p.s. That forcing spectrum appears complex (i.e. high entropy) but is actually quite simple as it's just the result of an orbit-based calculation of tractive gravitational forcing where the lunar range R and declination D changes according to ~sin(D)/R^3. Everything else factors as weaker harmonics via nonlinear Taylor series expansion.

If climate research was a scientific discipline with the same kind of rigor and competitiveness as condensed matter or solid-state physics, I would venture that someone/anyone would be jumping on this approach to either debunk it or to support it. Way too much is at stake in understanding how climate changes in its natural state. Billions or even trillions of global $$$ can be saved in agriculture planning and disaster control if we can anticipate when the next El Nino will occur. It's disappointing how little interest there is in these ideas -- I have tried, presenting at 3 AGU meetings and one overseas EGU meeting, with virtually zero feedback.

People on this forum have probably not seen this video but I asked the esteemed climate scientist Raymond Pierrehumbert a question during a recent online session. As context, in astrophysics/astronomy circles it often occurs that an amateur scientist will make an amazing discovery, with the full backing of professional and academic astronomers. Alas, this does not often happen in climate science as many of the "amateurs" are not as interested in advancing science as they are in making a political statement, which Pierrehumbert explains:

https://youtu.be/XdtTapL9fLg

> "That amateur scientists are more accepted in astrophysics uh than climate science uh and there's actually quite a lot of there's actually quite a lot of citizen science done in client and climate uh the phenomenon in climate science though is that a lot of so-called citizen science has been really sloppy science not citizen science. Citizen science can be very good but but some people with a **political agenda** to try to so-called disprove global warming uh uh have you know have have been making a lot of a lot of onerous data requests and uh uh that scientists have hard time keeping up with and then just raising spurious questions that that uh that just try to confuse the issue rather than doing honest science but but the data is almost completely open from climate modeling and so forth there's a lot of open source code but unfortunately some some uses of citizen science and climate science has has has **given it a bad name**"

> *from a Facebook presentation on the [Climate of Exoplanets](https://www.facebook.com/watch/live/?v=2947621085364200&ref=watch_permalink)*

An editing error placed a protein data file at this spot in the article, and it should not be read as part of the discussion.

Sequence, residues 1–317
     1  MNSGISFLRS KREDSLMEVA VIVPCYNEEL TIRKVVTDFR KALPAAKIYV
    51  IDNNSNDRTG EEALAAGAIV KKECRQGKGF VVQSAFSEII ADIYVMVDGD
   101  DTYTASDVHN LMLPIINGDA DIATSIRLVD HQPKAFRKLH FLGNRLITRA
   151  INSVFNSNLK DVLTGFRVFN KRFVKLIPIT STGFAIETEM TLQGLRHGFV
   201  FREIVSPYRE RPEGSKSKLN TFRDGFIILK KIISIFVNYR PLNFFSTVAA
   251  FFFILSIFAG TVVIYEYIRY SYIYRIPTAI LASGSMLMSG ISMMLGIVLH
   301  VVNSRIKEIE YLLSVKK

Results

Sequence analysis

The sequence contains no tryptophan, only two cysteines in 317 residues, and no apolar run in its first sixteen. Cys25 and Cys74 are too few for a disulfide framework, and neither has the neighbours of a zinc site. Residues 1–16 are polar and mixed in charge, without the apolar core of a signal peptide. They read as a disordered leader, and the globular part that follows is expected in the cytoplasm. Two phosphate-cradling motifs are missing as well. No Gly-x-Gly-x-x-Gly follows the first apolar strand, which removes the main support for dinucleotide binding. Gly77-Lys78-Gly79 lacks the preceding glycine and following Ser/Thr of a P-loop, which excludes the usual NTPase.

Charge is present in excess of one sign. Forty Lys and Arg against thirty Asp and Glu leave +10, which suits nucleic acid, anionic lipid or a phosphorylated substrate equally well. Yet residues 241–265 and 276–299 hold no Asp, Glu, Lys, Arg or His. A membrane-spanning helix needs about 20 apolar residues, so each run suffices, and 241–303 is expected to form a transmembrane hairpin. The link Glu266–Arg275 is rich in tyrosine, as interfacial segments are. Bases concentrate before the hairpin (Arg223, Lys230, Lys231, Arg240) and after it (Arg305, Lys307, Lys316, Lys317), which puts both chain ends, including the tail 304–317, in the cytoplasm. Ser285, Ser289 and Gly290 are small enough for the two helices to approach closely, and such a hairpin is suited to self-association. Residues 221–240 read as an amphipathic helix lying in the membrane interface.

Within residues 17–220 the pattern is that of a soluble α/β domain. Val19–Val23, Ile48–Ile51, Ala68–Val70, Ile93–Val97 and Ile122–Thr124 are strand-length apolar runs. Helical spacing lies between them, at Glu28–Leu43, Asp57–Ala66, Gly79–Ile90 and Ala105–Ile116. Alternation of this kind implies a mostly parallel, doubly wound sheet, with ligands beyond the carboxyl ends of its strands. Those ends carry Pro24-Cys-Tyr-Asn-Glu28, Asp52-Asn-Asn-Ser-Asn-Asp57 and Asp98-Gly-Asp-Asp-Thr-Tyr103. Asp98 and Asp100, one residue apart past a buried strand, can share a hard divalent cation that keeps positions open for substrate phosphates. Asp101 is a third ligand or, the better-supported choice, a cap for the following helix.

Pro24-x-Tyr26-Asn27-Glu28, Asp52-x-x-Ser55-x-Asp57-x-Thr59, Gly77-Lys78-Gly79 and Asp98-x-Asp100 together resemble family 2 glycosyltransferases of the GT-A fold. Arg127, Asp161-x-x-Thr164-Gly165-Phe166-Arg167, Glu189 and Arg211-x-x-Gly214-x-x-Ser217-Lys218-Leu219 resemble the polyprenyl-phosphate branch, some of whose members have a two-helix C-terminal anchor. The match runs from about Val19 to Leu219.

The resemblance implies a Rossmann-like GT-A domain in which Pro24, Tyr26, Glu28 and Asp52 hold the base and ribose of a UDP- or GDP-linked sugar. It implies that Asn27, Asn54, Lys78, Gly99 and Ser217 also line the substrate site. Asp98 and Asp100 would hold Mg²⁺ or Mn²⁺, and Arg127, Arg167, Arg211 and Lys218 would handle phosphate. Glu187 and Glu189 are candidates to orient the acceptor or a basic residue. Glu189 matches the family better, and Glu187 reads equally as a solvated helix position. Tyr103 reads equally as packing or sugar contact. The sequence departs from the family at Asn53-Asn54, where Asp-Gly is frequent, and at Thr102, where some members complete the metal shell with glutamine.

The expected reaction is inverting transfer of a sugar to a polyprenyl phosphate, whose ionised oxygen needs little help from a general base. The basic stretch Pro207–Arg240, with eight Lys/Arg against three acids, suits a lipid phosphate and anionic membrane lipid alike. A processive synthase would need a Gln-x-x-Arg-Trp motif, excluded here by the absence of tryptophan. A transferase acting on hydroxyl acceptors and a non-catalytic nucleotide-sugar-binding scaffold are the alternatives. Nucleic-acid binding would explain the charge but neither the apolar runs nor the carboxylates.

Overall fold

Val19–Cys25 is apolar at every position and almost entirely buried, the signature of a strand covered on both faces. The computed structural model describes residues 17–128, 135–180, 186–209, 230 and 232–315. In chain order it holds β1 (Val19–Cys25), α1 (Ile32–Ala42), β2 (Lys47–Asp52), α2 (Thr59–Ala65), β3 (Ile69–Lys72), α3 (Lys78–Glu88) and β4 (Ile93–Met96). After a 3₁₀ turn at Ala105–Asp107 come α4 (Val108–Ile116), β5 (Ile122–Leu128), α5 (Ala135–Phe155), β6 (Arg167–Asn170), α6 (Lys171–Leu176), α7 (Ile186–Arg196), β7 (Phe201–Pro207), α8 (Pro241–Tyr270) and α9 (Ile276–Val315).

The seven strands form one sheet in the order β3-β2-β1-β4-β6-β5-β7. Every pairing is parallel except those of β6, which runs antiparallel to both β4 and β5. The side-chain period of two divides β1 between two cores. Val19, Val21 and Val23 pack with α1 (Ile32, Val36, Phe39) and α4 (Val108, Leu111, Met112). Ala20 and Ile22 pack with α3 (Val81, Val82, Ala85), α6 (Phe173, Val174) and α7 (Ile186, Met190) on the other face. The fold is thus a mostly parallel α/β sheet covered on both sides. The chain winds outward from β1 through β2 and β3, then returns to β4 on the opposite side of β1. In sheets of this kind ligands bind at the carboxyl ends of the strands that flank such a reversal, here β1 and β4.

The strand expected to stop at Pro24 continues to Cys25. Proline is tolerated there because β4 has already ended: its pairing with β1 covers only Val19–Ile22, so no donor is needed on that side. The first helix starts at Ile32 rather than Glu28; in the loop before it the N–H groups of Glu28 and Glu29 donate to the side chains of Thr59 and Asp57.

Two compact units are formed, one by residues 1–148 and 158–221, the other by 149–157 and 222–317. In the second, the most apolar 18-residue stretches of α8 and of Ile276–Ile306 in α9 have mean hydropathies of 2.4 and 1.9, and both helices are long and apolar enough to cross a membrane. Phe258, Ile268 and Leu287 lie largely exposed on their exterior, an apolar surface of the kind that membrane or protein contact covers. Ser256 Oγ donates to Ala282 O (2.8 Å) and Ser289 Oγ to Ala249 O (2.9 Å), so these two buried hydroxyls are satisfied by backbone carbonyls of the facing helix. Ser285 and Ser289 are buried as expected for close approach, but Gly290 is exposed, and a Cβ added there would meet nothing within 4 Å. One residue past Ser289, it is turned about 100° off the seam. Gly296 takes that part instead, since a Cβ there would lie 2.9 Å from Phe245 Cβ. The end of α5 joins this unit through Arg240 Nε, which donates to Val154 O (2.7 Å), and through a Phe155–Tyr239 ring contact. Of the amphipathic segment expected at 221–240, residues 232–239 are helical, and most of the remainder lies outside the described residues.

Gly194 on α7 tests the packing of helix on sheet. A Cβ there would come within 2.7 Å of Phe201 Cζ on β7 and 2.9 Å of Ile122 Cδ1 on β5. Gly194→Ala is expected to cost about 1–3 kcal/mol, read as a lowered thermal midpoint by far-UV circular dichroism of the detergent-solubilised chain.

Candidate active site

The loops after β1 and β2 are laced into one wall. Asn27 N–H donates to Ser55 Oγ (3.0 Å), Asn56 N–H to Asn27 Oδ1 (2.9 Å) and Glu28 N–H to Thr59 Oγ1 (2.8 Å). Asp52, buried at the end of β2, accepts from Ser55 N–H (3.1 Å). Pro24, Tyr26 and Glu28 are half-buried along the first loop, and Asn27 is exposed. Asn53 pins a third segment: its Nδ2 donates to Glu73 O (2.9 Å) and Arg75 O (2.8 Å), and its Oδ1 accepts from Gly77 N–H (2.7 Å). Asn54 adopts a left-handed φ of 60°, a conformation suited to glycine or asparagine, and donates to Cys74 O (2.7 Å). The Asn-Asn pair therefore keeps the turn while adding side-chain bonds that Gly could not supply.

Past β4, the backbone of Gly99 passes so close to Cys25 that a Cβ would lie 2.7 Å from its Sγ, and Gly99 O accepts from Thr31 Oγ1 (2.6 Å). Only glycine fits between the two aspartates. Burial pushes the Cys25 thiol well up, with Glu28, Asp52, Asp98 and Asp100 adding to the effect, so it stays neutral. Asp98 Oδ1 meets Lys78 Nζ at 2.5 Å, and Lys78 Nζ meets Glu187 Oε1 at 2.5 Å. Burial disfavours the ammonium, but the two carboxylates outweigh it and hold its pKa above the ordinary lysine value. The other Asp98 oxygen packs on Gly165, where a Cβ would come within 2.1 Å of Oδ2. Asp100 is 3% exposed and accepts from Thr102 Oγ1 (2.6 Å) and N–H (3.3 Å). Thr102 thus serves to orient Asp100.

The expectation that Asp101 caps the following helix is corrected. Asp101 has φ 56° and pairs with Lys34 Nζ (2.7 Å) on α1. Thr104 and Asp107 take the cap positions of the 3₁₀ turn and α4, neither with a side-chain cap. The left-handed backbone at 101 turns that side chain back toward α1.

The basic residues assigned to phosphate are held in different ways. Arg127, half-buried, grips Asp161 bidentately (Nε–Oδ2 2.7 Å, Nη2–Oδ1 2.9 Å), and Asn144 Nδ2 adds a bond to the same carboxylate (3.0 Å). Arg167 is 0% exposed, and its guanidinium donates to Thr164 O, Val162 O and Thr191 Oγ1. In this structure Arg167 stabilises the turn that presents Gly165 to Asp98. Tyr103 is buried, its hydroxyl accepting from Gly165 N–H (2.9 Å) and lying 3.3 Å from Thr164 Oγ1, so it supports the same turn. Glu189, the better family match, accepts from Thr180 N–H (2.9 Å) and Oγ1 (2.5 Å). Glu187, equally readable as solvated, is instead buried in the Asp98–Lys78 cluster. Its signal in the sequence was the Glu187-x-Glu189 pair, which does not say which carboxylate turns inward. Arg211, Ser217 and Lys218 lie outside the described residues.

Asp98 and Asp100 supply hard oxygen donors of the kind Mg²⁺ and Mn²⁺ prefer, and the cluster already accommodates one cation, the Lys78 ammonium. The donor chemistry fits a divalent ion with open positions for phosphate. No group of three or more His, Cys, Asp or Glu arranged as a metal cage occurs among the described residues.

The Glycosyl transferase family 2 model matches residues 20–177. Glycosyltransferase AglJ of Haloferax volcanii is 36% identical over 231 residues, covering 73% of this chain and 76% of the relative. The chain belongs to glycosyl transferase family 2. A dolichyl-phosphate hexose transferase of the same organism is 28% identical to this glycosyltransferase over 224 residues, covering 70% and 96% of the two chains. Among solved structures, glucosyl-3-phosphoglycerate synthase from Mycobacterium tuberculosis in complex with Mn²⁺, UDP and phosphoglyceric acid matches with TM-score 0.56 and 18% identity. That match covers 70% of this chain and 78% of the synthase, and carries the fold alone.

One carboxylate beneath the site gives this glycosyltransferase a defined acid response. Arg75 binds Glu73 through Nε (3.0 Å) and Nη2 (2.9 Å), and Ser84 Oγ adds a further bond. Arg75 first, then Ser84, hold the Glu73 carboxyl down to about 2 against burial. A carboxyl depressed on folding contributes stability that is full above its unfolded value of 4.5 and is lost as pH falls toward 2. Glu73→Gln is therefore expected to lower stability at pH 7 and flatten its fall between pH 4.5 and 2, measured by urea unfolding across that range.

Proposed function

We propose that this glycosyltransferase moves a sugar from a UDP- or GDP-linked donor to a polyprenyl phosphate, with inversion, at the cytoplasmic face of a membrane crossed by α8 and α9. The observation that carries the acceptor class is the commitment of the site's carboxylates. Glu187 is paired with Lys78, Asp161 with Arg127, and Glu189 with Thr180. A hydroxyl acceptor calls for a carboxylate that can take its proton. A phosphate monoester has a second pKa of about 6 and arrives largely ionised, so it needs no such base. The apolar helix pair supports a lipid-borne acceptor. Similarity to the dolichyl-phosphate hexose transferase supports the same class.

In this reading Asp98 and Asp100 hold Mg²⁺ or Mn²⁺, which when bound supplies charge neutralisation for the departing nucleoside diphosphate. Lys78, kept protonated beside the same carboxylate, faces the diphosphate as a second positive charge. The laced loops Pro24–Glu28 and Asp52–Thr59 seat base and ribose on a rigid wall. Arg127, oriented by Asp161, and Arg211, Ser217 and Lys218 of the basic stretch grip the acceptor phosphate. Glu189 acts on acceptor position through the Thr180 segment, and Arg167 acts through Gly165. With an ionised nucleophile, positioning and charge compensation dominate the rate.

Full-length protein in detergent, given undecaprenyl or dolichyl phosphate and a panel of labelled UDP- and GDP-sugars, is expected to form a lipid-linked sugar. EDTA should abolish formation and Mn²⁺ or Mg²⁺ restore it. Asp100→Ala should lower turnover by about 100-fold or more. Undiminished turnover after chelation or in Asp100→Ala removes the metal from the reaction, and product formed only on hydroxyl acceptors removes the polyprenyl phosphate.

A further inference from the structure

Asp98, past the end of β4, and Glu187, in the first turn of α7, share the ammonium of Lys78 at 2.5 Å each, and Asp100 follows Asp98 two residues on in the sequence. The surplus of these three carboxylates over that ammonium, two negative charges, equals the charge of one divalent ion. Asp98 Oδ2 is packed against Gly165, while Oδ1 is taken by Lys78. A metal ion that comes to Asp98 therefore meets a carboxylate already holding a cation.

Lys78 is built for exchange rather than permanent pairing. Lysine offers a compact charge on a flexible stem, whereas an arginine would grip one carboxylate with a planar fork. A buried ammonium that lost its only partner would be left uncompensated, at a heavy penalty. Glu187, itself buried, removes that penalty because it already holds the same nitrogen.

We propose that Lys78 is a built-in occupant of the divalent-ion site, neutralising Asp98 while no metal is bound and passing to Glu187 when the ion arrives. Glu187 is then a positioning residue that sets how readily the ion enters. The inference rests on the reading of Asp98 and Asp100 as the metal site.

So the explanation is essentially that the topic of climate sciences and likely earth sciences in general has been poisoned by lots of cr@nks and cr@ckpots harboring some political agenda. This doesn't happen in other disciplines such as semiconductor research since [a fraudster is quickly uncovered](https://en.wikipedia.org/wiki/Sch%C3%B6n_scandal), allowing everyone else to move on.

A follow-up question that I asked Pierrehumbert (but he didn't answer) pertained to the use of machine learning in climate science. What happens when naive machine learning algorithms start "explaining" climate behaviors? Will these get more readily accepted by the climate science community, as machines have no political agenda? Or will this just poison the atmosphere with more junk models that will take years more to weed out?

Science is like tending a garden: it doesn't matter how much water & fertilizer you give the plants -- if you don't weed out the bad stuff and let the good stuff room to grow, you won't be making any progress.

So if climate science remains stuck in the land of chaos, blindly obeying the pronouncements of Edward Lorenz and his butterfly theory, it's likely that little progress will be made. Between a belief in high-entropy chaos on one side and cr@nks & cr@ckpots on the other, the outlook for climate science looks bleak.

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Here's a trending news item from a NASA JPL study:
[A Study Predicts Record Flooding In The 2030s, And It's Partly Because Of The Moon](https://www.npr.org/2021/07/14/1015800103/a-study-predicts-record-flooding-in-the-2030s-and-its-partly-because-of-the-moon)